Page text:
Gulmarg

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Gulmarg
Hill station
View from Gulmarg.JPG
Gulmarg in 2005
View of snow-capped mountains, Gulmarg
Gulmarg in 2005
Gulmarg is located in Jammu and Kashmir
Gulmarg
Gulmarg
Coordinates: 34°03′N 74°23′E / 34.05°N 74.38°E / 34.05; 74.38Coordinates: 34°03′N 74°23′E / 34.05°N 74.38°E / 34.05; 74.38
Country  India
State Jammu and Kashmir
District Baramulla
Elevation 2,690 m (8,830 ft)
Population (2011)
 • Total 1,965
Languages
 • Official Kashmiri, English, Urdu and Pahari
Time zone IST (UTC+5:30)
PIN 193403

Gulmarg (translation: "Meadow of Flowers") is a town, a hill station, a popular skiing destination and a notified area committee in Baramula district in the Indian state of Jammu and Kashmir.[1] The town is within the Himalayas and is within miles of the Line of Control between India and Pakistan.

History[edit]

Originally named Gaurimarg or “the fair one” by shepherds in honour of the Hindu goddess Parvati,[2][3] the resort was renamed Gulmarg or the “meadow of flowers” by Sultan Yusuf Shah of the Chak Dynasty who frequented the place with his mistress Habba khatoon in the 16th century.[4][5] Wild flowers of 21 different varieties were collected by the Mughal Emperor Jahangir for his gardens from here.[4][6] In the 19th century, British Civil servants started using Gulmarg as a retreat to escape summers in North Indian plains. Hunting and golfing were their favourite pastimes and by 20th century three golf courses had been established in Gulmarg including one exclusively for women.[3][6] One of the three golf courses established survives to the present day and at an altitude of 2,650 metres (8,690 ft) is the world's highest golf course.[3] In 1927, British established a ski club in Gulmarg and two annual ski events were hosted one each during Christmas and Easter.[2] Central Asian explorer Aurel Stein also visited Gulmarg during this period.[5]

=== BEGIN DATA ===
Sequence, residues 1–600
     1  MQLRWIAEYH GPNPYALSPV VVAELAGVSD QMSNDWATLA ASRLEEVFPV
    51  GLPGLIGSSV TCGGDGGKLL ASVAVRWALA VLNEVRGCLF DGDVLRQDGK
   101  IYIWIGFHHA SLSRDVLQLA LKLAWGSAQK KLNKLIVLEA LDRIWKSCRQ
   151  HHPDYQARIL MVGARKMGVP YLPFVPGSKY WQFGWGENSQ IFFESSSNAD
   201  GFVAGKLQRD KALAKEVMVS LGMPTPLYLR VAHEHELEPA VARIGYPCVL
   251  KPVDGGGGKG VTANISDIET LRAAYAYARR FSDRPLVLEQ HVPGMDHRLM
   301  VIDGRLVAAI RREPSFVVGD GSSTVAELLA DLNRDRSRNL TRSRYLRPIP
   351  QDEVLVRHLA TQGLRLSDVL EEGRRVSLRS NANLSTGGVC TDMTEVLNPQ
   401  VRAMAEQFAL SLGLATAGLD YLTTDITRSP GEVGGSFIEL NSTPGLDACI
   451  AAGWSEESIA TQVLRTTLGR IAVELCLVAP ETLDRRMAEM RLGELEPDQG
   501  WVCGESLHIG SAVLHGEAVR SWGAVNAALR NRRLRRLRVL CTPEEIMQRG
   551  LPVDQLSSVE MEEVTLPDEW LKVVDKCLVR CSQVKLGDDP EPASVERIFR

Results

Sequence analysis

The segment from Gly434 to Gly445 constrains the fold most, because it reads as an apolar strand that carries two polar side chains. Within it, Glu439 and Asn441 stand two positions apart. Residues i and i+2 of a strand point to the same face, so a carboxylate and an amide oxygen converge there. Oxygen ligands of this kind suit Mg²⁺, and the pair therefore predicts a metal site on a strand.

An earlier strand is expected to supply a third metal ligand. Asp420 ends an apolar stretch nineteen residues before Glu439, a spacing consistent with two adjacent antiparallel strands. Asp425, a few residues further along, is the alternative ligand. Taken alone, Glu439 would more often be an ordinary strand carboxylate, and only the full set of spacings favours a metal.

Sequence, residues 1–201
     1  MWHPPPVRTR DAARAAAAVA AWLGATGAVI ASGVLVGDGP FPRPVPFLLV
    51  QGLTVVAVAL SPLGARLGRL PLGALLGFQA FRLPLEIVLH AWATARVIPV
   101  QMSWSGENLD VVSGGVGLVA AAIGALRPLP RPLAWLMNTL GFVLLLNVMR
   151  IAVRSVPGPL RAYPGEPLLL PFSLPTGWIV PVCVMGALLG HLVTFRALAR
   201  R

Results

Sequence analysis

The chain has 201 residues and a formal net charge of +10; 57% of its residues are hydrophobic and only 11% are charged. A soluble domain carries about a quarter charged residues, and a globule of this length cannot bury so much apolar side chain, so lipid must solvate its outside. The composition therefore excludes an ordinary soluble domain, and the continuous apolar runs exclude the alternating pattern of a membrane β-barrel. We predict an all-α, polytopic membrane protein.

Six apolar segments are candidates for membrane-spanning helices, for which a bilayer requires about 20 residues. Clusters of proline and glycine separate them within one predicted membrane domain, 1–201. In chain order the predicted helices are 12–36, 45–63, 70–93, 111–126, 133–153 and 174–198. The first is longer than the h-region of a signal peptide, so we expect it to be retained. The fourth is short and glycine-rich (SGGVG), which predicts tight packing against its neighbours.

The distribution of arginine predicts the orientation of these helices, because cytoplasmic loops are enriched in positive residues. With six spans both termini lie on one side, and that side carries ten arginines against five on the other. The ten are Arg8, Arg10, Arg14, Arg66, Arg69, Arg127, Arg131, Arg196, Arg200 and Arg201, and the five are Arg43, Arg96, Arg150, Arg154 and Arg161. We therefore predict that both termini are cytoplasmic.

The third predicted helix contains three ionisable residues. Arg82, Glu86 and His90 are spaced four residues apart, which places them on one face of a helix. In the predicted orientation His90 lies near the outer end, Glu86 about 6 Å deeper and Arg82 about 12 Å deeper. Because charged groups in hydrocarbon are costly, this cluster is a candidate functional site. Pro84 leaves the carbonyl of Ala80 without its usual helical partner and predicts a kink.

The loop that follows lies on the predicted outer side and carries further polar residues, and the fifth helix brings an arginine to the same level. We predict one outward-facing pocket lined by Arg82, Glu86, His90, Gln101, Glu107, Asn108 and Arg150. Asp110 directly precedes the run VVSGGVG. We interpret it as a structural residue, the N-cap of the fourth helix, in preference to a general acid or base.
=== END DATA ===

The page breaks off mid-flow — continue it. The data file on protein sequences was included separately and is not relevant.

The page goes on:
After the end of British colonial rule, Gulmarg became a part of the independent princely state of Jammu and Kashmir. To ensure the accession of the princely state, Pakistan planned an invasion of the state called Operation Gulmarg. One of the routes used by the invading militia of Pathan tribesmen, armed and supported by Pakistani regular troops, passed through the Haji Pir pass and Gulmarg onto the state capital Srinagar. Gulmarg fell to the invading army, but the Indian army led by the 1 Sikh Regiment, which had been airlifted to Srinagar only after the Dogra ruler of the state Maharaja Hari Singh had signed an Instrument of Accession with India on 26 October 1947, successfully defended the outskirts of Srinagar.[7][8] Thereafter, Indian counterattack pushed the tribesmen backwards and many towns including Gulmarg were recaptured.[9] In 1948, Indian Army established a ski school in Gulmarg which later became the High Altitude Warfare School of the Indian army specializing in snow–craft and winter warfare.[10] On 1 January 1949, the war ended under UN supervision and a Ceasefire line (CFL), which was rechristened the Line of Control (LOC) by the Shimla Agreement of 1972,[11] came into being close to Gulmarg.[12]

Post Indian Independence, Indian planners sought to develop a destination for Winter sports in India. The Department of Tourism of the Government of India invited Rudy Matt, in 1960 to select a suitable location for such purpose. Matt zeroed in on Gulmarg as suitable location for development of a Winter sports destination in India. In 1968, Institute of Skiing and Mountaineering was established in Gulmarg to train ski instructors. Over the next decade Indian planners invested 30 million (US$450,000) to transform Gulmarg into a world class ski destination. Gulmarg became a centre for skiers from Asian nations.[13] In mid-1980s, Heli-skiing was introduced in Gulmarg in collaboration with the French skier Sylvain Saudan of Himalaya Heli-Ski Club of France.[2]

Gulmarg in August 1969